E.B. White’s Touching Letter to Man Who Lost Hope in Humanity

On March 30, 1973, the 'Charlotte's Web' author wrote a beautiful note to a dispirited man who had last all faith in humanity.

Jon Miltimore | February 27, 2017

On March 30, 1973, the 'Charlotte's Web' author wrote a beautiful note to a dispirited man who had last all faith in humanity.
E.B. White’s Touching Letter to Man Who Lost Hope in Humanity

I’m a longtime fan of E.B. White. Intellectual Takeout readers likely know he wrote a lot more than just Charlotte’s Web. His short story The Door is one of my favorite short stories. (We’ll deconstruct that one another other day; as you can see, it’s quite mad.)

I bring up White because an old friend recently shared with me a lovely letter White wrote on March 30, 1973 to a dispirited man who had last faith in humanity. I had to share what he wrote:

Dear Mr. Nadeau:

As long as there is one upright man, as long as there is one compassionate woman, the contagion may spread and the scene is not desolate. Hope is the thing that is left to us, in a bad time. I shall get up Sunday morning and wind the clock, as a contribution to order and steadfastness.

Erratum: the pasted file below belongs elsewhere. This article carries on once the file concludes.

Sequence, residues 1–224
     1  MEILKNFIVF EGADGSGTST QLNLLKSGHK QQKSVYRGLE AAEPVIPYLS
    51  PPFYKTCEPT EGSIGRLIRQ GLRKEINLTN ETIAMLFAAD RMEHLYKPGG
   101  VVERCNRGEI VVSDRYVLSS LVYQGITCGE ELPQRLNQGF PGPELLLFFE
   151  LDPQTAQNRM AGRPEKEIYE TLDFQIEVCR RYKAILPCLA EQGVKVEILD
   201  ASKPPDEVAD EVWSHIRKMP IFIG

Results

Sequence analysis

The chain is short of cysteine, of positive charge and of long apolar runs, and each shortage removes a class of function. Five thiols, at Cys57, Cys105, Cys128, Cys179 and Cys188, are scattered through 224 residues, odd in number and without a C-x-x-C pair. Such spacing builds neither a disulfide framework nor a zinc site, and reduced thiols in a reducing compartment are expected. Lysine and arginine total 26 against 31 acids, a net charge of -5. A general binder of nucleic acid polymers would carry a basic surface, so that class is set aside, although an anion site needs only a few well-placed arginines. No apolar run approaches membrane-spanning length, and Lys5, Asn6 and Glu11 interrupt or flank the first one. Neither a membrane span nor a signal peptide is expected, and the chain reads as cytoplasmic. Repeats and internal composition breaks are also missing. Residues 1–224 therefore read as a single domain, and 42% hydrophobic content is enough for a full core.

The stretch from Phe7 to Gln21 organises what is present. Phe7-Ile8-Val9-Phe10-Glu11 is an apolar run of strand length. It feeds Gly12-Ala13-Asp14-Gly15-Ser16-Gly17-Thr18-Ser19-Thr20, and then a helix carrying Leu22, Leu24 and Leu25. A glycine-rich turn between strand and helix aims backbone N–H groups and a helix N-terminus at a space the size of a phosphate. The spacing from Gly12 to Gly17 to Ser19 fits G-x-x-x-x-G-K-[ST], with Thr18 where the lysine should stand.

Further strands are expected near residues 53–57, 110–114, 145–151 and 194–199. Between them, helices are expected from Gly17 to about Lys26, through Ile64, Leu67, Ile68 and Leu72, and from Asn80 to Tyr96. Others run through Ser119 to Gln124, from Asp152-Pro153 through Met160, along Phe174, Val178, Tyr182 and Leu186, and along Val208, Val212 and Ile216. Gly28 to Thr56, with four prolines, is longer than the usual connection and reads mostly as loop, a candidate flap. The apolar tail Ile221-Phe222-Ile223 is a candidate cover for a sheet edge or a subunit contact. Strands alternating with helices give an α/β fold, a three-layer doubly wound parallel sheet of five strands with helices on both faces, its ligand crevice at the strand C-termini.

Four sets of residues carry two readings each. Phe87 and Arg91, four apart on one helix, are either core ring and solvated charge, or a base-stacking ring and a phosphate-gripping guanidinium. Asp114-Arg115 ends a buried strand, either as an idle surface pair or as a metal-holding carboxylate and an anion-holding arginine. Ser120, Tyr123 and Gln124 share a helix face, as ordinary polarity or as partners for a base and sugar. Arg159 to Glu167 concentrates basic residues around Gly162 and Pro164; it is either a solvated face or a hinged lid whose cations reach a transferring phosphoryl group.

Sailors have an expression about the weather: they say, the weather is a great bluffer. I guess the same is true of our human society — things can look dark, then a break shows in the clouds, and all is changed, sometimes rather suddenly. It is quite obvious that the human race has made a queer mess of life on this planet. But as a people we probably harbor seeds of goodness that have lain for a long time waiting to sprout when the conditions are right. Man’s curiosity, his relentlessness, his inventiveness, his ingenuity have led him into deep trouble. We can only hope that these same traits will enable him to claw his way out.

Hang on to your hat. Hang on to your hope. And wind the clock, for tomorrow is another day.

Sincerely,

E. B. White

The letter gets at something important. The human story is a long one. It’s filled with more beauty and pain, hope and misery than we’ll ever understand.

White, while admitting humans are capable of both good and great evil, seems to be hinting at an eternal truth found in the Book of Ecclesiastes: “What has been will be again, what has been done will be done again; there is nothing new under the sun.”

It’s a perspective easy to lose, especially in our modern era when technology seems to amplify even transient trivialities into matters of grave importance. Maybe those stoics were on to something



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